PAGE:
At Haglid Engineering, LLC and BPE, Inc., we feel salon spaces are a perfect example of the importance of implementing displacement ventilation via a high-efficiency energy recovery ventilator (ERV) versus dilution ventilation. Displacement ventilation brings fresh air into a building and pushes the exhaust out the other side rather than simply adding and scattering it. At BPE, we prefer a displacement strategy comprised of good ventilation design and powered by an ERV to keep air moving. We call it BPE ‘Clean Displacement’.
IMAGE: BPE, Inc.
Imagine a shelf full of books. If we continuously push new books onto the left side of the shelf until each book to the right of it has fallen off the opposite side, we end up with a whole new set of books in short order. It’s a simple, ‘clean sweep’ systematic approach–which is exactly what you want when clearing a space of unhealthy toxins. To achieve this optimal displacement of stale or chemical-laden air, an ERV system’s flow must be balanced on the way in and out. Although, Haglid Engineering recommends keeping the pressure of a space where chemicals are used slightly negative to avoid passing chemical odors to the neighbors.
In a nutshell, BPE ERV units … from our BPE-XE-MIR-200-i all the way up to our industrial modular units … excel at bringing outdoor air indoors to displace the air folks have been breathing into around you. And because our true direct counter-flow, Air-to-Air heat exchangers allow virtually no mixing of incoming and outgoing air (less that 1% crossover), you’ll know your indoor air is routinely refreshed … not recirculated.
As if providing clean air in a space where workers use toxic products isn’t enough of a reason to install a BPE ERV, here are more advantages:
- ERVs precondition outdoor air to a comfortable room temperature by recovering heat energy from exhaust. The recovered energy is used to warm incoming fresh air in colder months and cool it during the warmer months.
- A BPE ERV will provide comfortable humidity levels thanks to a versatile allowance for low pressure drops as well as high-heat and high-moisture transfer.The secret is our patented Regenerative Condensate Return® technology. Especially key during these times, it keeps relative humidity levels in range (40% to 60%) for minimizing proliferation of the COVID-19 virus.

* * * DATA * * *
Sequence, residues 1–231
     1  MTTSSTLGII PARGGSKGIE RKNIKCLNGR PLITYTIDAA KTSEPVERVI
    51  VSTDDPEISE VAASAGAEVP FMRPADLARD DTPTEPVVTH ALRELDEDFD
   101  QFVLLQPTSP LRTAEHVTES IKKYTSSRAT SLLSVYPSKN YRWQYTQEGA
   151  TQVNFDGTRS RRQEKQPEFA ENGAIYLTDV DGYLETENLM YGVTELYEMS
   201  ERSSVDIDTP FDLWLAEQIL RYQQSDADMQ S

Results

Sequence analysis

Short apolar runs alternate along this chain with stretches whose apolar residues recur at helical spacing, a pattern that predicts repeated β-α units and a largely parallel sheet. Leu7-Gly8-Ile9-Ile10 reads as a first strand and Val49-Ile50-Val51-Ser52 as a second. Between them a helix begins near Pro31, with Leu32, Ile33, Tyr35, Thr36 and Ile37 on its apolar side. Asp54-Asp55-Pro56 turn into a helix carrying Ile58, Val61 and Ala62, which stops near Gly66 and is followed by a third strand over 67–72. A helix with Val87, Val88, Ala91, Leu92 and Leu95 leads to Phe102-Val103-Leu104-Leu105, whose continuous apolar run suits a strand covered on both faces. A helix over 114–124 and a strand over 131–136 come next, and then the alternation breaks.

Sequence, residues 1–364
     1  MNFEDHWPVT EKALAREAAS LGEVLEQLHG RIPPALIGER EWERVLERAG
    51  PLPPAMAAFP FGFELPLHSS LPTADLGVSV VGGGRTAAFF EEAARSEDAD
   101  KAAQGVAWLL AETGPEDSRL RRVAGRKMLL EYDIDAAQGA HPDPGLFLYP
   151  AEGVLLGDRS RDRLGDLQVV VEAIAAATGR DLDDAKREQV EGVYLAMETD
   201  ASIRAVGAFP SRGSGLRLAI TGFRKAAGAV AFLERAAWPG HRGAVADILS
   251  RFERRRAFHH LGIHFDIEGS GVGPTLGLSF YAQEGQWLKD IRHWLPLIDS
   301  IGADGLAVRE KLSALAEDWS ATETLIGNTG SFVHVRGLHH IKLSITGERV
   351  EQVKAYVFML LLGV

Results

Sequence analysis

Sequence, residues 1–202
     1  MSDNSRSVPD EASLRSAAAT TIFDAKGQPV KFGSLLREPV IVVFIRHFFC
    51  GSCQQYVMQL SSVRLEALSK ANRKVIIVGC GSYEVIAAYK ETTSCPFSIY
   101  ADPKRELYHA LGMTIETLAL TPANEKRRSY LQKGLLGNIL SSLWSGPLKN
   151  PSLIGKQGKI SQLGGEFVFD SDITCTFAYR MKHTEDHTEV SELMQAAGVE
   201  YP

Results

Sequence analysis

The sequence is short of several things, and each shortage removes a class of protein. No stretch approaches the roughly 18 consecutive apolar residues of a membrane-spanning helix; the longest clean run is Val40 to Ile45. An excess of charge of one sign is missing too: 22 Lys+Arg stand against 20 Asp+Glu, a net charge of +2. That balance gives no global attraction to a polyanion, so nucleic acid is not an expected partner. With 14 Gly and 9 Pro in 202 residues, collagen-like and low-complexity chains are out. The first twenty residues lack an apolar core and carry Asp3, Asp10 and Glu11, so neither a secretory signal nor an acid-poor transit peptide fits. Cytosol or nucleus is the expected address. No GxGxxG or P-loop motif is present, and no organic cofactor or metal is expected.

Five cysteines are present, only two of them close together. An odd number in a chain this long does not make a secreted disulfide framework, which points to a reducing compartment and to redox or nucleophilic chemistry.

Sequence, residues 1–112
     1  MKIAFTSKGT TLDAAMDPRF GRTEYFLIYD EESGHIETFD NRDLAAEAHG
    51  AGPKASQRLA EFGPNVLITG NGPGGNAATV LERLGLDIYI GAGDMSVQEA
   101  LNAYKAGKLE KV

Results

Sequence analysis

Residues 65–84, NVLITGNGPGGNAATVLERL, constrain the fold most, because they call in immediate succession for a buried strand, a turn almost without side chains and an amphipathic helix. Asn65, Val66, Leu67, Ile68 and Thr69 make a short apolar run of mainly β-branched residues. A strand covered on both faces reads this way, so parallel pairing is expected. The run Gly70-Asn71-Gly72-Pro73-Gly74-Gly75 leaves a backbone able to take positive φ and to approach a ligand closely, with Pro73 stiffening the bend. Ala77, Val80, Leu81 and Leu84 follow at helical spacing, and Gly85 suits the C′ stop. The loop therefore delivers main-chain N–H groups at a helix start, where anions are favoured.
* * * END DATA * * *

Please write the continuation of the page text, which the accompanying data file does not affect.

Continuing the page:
- Energy bills are lowered substantially thanks to our BPE engineering. You can run a unit using less power than an incandescent light bulb. How? BPE ERVs are super-efficient, air-to-air, direct counter-flow units that typically run 80% thermally efficient on up to 98% and have an Energy Efficiency Rating (EER) that is unsurpassed at between 36 and 160 EER. (10 EER is typical of the industry.) Our units have helped Haglid Engineering turn a gas-guzzling 656,000 sq. ft. warehouse/office complex into a net-zero power producing gem in New Jersey’s building stock. So, creating a pristine breathing environment in a salon is cake.
- When your HVAC system is run in this manner, the reduced power reduces your carbon footprint.
Chemical-laden and high-odor indoor environments are best served by eliminating the cause as quickly and efficiently as possible. When you add Covid-19 to the mix, it’s important to re-open in the best manner possible to increase the chances of staying open. Why not use a method that provides a superb return on investment as it relates to health, finances, and your status as a more sustainable business? To discover the best mechanical ventilation system for your space, give us a call at BPE, Inc.!